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Kimberley Process Presents Roadmap for CAR Compliance

Jun 30, 2015 1:14 AM   By Avi Krawitz
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RAPAPORT... The Kimberley Process Certification Scheme (KPCS) has developed a work plan to resume rough diamond exports from the Central African Republic (CAR), which would partially end the current sanctions on the country’s diamond exports.

Bernado Campos, Angola’s chairman of the Kimberley Process, notified participants of the decision following the organization’s intercessional meeting that took place in Angola this past week. (See full "Operational Framework" document here).

He explained that Kimberley Process participants and observers reached an understanding that CAR may commence exporting rough diamonds upon full implementation of a proposed operational framework and pending completion of a proposed Kimberley Process review mission to the country. CAR has been suspended from the Kimberley Process since May 2013.

The lifting of sanctions would only apply to compliant zones, which are under sufficient government control and where there is no evidence of a systematic, rebel-based or army group activity that impacts the diamond trade, the group stated.

A monitoring team is being created to determine the compliant zones, examine the proposed exports to assess a diamond footprint and review the implementation of internal controls pertaining to diamond exports. The monitoring team will also facilitate a forensic audit of rough diamond stockpiles before any of the current inventory is exported.

CAR is reported to be holding a stockpile of 66,000 carats valued at between $6 million and $12 million.

Edward Asscher, president of the World Diamond Council (WDC), which represents the diamond industry at the KPCS, explained to Rapaport News that the stockpile includes diamonds recovered before the sanctions were implemented along with goods that have been recovered since May 2013. “Those goods recovered during the sanction period will not be allowed to be exported,” he stressed. “Even if the country is compliant, those contaminated goods cannot be sold.”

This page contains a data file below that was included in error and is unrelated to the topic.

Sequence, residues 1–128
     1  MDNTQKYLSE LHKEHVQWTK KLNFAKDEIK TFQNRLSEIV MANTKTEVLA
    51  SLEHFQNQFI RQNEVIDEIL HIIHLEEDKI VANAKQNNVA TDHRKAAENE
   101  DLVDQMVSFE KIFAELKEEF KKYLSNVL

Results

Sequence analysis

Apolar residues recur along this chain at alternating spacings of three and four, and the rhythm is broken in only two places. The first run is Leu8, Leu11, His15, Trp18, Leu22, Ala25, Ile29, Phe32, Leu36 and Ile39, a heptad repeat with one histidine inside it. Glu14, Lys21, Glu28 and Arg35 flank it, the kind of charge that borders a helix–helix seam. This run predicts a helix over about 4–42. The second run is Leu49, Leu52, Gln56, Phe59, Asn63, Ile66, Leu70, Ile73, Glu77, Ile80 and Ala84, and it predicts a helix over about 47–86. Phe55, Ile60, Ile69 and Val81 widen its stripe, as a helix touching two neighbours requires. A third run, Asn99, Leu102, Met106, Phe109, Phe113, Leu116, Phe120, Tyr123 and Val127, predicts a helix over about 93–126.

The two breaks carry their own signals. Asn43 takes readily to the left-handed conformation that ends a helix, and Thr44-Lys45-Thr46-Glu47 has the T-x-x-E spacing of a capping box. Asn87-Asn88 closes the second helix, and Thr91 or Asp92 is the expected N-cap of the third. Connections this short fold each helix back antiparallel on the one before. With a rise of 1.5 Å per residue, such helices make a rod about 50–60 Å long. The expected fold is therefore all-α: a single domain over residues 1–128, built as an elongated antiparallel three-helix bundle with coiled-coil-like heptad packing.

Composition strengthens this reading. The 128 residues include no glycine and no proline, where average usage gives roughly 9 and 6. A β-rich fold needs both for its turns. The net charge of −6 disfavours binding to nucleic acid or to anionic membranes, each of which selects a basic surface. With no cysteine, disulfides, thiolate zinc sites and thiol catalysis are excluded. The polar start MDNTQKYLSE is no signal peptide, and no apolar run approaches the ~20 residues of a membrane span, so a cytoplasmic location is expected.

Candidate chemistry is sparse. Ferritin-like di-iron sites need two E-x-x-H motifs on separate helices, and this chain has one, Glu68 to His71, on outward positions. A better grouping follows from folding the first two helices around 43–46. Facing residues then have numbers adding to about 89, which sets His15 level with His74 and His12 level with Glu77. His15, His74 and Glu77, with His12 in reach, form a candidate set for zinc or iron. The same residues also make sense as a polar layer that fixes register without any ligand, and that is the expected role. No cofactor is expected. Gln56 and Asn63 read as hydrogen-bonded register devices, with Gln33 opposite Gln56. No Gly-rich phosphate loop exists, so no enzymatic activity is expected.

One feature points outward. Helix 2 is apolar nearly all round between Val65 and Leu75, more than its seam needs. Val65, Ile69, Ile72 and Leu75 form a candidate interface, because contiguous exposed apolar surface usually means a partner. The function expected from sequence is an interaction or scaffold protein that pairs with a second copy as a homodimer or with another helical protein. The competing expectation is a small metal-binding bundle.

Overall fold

Asscher said the Kimberley Process’s aim is to bring CAR into compliance within three to six months, but he anticipates the issue will be on the agenda again at the annual plenary meeting scheduled for November. 

The Next Chair

Other issues that were on the agenda at the intersessional meeting included the appointment of a vice chair of the KPCS to succeed Angola as chair in 2016 and Venezuela’s voluntary exclusion from the Kimberley Process.

Asscher noted that representatives from Venezuela were present at the meeting and that the country is preparing to rejoin the Kimberley Process. The representatives stated there is currently no rough production taking place in Venezuela, he reported.

Asscher added that negotiations are still under way to appoint the United Arab Emirates (UAE) as the next Kimberley Process chair. Among the conditions required, the UAE must submit to a review mission before the end of this year and it must embark on joint projects with civil society that would explore issues of supply chain management systems and a study on transfer pricing, among other topics.

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Tags: Angola, asscher, Avi Krawitz, Conflict Diamonds, diamonds, Kimberley Process
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